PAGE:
aurora

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Au·ro·ra 1

 (ə-rôr′ə)
n. Roman Mythology
The goddess of the dawn.

[Latin Aurōra; see aurora.]

Au·ro·ra 2

 (ə-rôr′ə)
1. A city of north-central Colorado, a residential suburb of Denver.
2. A city of northeast Illinois on the Fox River west of Chicago. It developed as an industrial center.

au·ro·ra

 (ə-rôr′ə)
n. pl. au·ro·ras or au·ro·rae (ə-rôr′ē)
1. A luminous atmospheric phenomenon appearing as streamers or bands of light sometimes visible in the night sky in northern or southern regions of the earth. It is thought to be caused by charged particles from the sun entering the earth's magnetic field and stimulating molecules in the atmosphere.
2. The dawn.

[Middle English, dawn, from Latin aurōra; see aus- in Indo-European roots.]

au·ro′ral, au·ro′re·an (-ē-ən) adj.
au·ro′ral·ly adv.

aurora

(ɔːˈrɔːrə)
n, pl -ras or -rae (-riː)
1. (Physical Geography) an atmospheric phenomenon consisting of bands, curtains, or streamers of light, usually green, red, or yellow, that move across the sky in polar regions. It is caused by collisions between air molecules and charged particles from the sun that are trapped in the earth's magnetic field
2. poetic the dawn
[C14: from Latin: dawn; see east]
auˈroral adj
auˈrorally adv

Aurora

(ɔːˈrɔːrə)
n
1. (Classical Myth & Legend) the Roman goddess of the dawn. Greek counterpart: Eos
2. the dawn or rise of something

Aurora

(ɔːˈrɔːrə)
n
(Placename) another name for Maewo

Au•ro•ra

(əˈrɔr ə, əˈroʊr ə)

n., pl. au•ro•ras, au•ro•rae (əˈrɔr i, əˈroʊr i)
1. the Roman goddess of the dawn.
2. (l.c.) dawn.
3. (l.c.) a radiant emission from the upper atmosphere that occurs as luminous streamers, bands, etc., caused when air molecules are excited by charged particles from the solar wind.
4. a city in central Colorado, near Denver. 252,341.
5. a city in NE Illinois. 116,405.
[1350–1400; Middle English < Latin: dawn, east]
au•ro′ral, au•ro′re•an, adj.

au·ro·ra

(ə-rôr′ə)
Plural auroras or aurorae (ə-rôr′ē)
A brilliant display of bands of light in the sky at night, especially in polar regions. The light is caused by charged particles from the sun that are drawn into the atmosphere by the Earth's magnetic field.

aurora

1. An electrical discharge producing curtains of light seen at high latitudes in the night sky.
2. The orthern and southern “polar lights” sometimes seen in Earth’s upper atmosphere and created by solar particles striking atoms.
ThesaurusAntonymsRelated WordsSynonymsLegend:
Noun1.aurora - the first light of dayaurora - the first light of day; "we got up before dawn"; "they talked until morning"
time of day, hour - clock time; "the hour is getting late"
2.aurora - an atmospheric phenomenon consisting of bands of light caused by charged solar particles following the earth's magnetic lines of forceaurora - an atmospheric phenomenon consisting of bands of light caused by charged solar particles following the earth's magnetic lines of force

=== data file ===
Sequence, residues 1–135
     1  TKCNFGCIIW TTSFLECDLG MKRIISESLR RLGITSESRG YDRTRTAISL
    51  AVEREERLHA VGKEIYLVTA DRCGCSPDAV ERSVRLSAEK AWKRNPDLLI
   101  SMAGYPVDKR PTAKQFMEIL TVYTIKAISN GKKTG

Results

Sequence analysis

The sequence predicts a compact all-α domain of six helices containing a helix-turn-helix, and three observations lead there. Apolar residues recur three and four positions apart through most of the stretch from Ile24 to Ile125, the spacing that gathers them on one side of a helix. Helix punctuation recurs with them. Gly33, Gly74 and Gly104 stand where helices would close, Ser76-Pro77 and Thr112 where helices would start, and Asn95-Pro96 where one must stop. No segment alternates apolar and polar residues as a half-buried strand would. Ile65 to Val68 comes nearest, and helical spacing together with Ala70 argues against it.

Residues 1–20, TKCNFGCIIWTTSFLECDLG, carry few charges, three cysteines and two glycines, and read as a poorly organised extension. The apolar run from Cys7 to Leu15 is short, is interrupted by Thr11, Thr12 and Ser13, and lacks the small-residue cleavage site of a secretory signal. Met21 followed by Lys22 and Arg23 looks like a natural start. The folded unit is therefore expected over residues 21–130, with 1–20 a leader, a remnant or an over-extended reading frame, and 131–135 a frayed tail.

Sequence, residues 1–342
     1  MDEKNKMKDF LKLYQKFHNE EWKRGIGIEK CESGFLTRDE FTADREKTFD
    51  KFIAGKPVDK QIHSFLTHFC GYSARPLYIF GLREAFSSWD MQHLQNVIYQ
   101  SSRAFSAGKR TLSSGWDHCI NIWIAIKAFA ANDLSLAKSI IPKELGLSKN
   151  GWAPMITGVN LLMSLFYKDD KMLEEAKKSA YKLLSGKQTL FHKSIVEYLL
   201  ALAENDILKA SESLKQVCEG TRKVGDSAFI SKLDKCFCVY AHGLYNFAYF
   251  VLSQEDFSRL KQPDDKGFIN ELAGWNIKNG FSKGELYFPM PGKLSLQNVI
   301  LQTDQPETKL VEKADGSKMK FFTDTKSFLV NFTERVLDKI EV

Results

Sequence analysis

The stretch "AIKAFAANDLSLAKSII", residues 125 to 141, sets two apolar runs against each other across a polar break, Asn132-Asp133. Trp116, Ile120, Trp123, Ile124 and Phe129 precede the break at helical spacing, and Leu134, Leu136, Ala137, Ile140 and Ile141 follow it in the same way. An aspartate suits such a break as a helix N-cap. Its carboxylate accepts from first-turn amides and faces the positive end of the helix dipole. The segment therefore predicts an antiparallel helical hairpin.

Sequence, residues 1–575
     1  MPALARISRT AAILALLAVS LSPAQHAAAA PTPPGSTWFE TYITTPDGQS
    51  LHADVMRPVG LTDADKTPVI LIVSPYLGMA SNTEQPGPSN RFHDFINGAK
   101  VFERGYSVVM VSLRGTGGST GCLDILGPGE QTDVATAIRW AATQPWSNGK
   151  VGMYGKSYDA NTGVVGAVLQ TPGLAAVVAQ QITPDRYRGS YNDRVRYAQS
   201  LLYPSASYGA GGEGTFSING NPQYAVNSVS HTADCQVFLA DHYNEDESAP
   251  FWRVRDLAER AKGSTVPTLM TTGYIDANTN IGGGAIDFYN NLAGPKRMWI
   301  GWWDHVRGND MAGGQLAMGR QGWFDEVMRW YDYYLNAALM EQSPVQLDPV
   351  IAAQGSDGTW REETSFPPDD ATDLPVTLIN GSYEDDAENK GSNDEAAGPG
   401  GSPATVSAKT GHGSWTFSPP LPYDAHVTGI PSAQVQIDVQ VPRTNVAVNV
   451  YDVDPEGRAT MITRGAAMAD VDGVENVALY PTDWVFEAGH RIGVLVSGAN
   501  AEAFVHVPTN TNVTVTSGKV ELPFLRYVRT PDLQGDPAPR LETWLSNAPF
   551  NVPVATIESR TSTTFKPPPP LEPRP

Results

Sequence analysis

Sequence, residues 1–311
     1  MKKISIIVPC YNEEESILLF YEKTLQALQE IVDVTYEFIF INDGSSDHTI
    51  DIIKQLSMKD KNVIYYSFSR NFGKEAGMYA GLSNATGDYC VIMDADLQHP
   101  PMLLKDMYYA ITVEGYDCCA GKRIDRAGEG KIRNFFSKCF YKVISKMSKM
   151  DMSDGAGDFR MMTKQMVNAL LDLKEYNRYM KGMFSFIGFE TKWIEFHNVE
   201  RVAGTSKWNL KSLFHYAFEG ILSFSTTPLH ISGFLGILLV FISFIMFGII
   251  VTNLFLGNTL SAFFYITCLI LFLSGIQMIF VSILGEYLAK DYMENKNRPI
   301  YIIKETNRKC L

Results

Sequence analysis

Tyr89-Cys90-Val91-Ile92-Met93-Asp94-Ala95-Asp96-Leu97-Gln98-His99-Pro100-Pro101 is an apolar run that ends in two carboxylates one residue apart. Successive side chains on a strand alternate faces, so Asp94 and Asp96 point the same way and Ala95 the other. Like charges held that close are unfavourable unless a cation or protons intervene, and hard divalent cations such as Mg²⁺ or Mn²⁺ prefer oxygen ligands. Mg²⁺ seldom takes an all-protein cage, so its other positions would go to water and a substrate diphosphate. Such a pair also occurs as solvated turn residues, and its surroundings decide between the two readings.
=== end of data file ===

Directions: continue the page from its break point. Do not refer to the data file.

atmospheric phenomenon - a physical phenomenon associated with the atmosphere
aurora australis, southern lights - the aurora of the southern hemisphere
aurora borealis, northern lights - the aurora of the northern hemisphere
streamer - light that streams; "streamers of flames"
3.Aurora - (Roman mythology) goddess of the dawn; counterpart of Greek Eos
Roman mythology - the mythology of the ancient Romans

aurora

noun
The first appearance of daylight in the morning:
References in classic literature ?
Xavier returned from I do not know where at midnight, absorbed in calculations on the eternal question of his Aurora--la belle Aurore, whom I begin to hate.
NATIONAL DAY OF CANADA 1804: George Sand (Amandine Aurore Lucie Dudevant), French romantic novelist who adopted her pseudonym for the novel Indiana, was born.
According to Aurore Domange, event director, ADF&PCD New York, "The launch of our New York show is in response to industry feedback requesting we bring our special expert meeting place from Paris to the United States.
Aurore D'Estruval was then a battling winner of the mares' hurdle before the reinvented front-runner Mr Mole proved a game winner of the 2m handicap chase.
The 6-4 favourite was sent into the lead at the final flight by Nick Scholfield and stayed on strongly on the run-in to beat Aurore D'Estruval (3-1) by two lengths.
Aurore D'Estruval's trainer John Quinn has a 42 per cent strike-rate with his hurdlers at Newcastle since the start of 2010, making a healthy profit of over 17pts.
NNA - Water and Energy Minister, Arthur Nazarian, launched on Wednesday at the Phoenicia Hotel, the "Lebanese Day for oil 2014" in the presence of Foreign Minister, Gebran Bassil, a number of MPs, ambassadors, economic, social and cultural figures, the CEO of Lebanon's oil sector, Aurore Feghali, and members of the Oil Regulatory Authority.
DIRECTOR: Francois Ozo CAST: Romain Duris, Anais Demoustier, Raphael Personnaz, Isild Le Besco, Aurore Clement, Jean-Claude Bolle Reddat, Bruno Perard, Claudine Chatel, Anita Gillier, Alex Fondja, Zita Hanrot
Veet is veiy excited to be launching the Don't Risk Dudeness campaign," said Aurore Trepo, marketing director of personal care for Reckitt Benckiser.
and Aurore (Rouleau) Boudreau before moving to West Brookfield in 1955.
AURORE D''ESTRUVAL (John Quinn) WHILE Aurore D'Estruval was beaten in the Victor Ludorum at Haydock, John Quinn's filly is still on an upward curve.
But he does encounter the enigmatic Aurore (Isabelle Carre).